A shoulder phone (NTT DoCoMo)
What people think of nowadays when they hear the words mobile phone appeared in the 1990s. Portable phone services that could be used by individuals, however, actually began more than 10 years earlier. The car phone appeared in 1979, and in 1985 NTT released the "shoulder phone," which could be carried freely by a user.
The shoulder phone, however, weighed 3 kilograms (7 pounds) and was quite large. In addition, it could only be used in limited areas. Mobile phones really began to take off in 1991, when NTT released very light models that weighed only 220 grams (about a half pound). This is what is now known as the first generation of mobile phones.
A second-generation mobile phone (NTT DoCoMo)
In 1993, what were called second-generation mobile phones hit the market. In comparison with first-generation phones, these new models offered much clearer sound quality, and the problem of having the signal cut off when many users congregated in one area was overcome. The mainstream mobile phones of today, which have been referred to as generation 2.5, provide a variety of useful functions, such as allowing users to send and receive e-mail and access the Internet.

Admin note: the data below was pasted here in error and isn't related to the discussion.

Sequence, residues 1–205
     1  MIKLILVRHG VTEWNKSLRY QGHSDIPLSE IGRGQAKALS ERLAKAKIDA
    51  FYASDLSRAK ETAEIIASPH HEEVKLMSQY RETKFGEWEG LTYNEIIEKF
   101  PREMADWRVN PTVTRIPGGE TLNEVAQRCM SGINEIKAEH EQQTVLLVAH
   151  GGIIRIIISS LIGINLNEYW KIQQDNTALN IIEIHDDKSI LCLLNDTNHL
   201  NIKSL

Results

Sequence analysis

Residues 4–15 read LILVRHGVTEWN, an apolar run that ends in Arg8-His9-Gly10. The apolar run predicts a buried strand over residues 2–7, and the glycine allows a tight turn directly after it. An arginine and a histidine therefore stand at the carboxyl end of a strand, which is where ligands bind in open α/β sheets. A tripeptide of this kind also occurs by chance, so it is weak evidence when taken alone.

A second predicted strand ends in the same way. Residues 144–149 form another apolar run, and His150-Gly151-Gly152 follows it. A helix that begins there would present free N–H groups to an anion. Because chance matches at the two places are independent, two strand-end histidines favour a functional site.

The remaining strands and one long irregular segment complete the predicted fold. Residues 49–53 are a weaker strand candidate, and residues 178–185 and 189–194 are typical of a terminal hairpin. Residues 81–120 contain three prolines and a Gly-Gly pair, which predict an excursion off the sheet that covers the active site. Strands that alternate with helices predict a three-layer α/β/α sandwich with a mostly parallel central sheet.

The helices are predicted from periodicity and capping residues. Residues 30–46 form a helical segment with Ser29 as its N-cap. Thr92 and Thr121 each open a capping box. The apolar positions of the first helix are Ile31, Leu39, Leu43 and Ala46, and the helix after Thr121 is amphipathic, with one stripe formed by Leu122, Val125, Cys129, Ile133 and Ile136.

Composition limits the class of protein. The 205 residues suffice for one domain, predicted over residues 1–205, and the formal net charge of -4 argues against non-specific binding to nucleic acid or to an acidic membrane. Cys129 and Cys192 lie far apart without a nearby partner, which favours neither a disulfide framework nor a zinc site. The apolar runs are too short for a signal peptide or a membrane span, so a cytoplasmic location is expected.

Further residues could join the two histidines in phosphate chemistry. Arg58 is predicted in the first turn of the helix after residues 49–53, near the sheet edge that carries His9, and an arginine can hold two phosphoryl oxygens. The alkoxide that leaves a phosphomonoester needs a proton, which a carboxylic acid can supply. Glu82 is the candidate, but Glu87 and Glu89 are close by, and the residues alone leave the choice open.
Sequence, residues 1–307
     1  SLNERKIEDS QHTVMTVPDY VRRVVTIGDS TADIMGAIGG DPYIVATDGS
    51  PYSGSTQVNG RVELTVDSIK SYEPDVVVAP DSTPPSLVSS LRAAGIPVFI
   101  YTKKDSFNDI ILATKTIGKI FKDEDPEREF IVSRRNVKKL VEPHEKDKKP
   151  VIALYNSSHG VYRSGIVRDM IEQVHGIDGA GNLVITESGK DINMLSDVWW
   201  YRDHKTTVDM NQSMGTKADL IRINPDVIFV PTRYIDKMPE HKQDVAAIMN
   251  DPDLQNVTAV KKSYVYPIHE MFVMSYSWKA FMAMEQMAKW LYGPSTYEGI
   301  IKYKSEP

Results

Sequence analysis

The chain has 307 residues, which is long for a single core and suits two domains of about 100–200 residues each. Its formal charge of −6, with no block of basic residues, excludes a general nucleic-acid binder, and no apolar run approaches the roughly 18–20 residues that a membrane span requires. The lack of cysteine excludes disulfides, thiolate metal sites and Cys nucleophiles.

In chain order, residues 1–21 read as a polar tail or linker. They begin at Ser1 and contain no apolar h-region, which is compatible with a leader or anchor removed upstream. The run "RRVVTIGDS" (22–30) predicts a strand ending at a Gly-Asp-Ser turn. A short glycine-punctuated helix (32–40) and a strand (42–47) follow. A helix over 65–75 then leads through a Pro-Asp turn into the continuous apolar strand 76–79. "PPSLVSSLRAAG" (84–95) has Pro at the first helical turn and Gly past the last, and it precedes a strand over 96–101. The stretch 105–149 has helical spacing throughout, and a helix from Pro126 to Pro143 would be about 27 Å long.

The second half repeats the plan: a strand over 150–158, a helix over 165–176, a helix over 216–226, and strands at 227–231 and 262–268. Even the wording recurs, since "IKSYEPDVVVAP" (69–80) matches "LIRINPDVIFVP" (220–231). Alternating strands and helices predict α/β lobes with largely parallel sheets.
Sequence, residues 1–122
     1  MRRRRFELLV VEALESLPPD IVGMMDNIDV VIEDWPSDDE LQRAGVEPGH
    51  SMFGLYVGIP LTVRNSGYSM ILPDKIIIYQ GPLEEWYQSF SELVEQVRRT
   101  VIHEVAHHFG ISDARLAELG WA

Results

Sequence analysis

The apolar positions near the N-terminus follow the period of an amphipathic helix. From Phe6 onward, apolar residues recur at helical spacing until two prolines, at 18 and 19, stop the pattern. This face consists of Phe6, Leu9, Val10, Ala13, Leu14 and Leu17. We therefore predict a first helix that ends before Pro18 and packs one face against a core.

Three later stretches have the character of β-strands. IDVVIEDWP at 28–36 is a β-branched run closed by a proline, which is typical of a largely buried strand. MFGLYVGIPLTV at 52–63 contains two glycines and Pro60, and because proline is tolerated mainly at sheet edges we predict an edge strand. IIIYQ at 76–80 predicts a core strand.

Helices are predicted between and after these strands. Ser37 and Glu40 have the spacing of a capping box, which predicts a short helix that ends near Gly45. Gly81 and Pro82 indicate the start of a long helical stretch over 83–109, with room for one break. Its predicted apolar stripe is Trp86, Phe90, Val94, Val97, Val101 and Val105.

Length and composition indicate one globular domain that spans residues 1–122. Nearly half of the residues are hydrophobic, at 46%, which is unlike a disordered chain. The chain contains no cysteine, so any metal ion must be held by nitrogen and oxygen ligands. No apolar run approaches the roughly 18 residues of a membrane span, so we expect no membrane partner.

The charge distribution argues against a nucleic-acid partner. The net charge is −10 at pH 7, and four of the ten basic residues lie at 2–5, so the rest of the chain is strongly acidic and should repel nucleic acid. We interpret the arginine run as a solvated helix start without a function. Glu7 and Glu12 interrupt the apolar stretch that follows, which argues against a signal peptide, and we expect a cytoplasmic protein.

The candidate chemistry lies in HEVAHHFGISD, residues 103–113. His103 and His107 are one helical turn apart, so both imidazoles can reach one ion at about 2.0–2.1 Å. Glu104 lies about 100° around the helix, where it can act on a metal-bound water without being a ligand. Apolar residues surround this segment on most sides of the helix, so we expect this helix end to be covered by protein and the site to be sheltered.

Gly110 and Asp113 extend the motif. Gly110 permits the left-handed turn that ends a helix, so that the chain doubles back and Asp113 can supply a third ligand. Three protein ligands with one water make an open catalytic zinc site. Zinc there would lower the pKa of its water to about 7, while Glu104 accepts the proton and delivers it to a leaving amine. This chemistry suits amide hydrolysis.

The number of mobile phones in use in Japan passed 1 million in 1991, and this figure has grown very rapidly since then. The number reached 10 million in 1995, 50 million in 1999, and stood at 80 million as of the end of 2003. Mobile phones have become common in all corners of the country.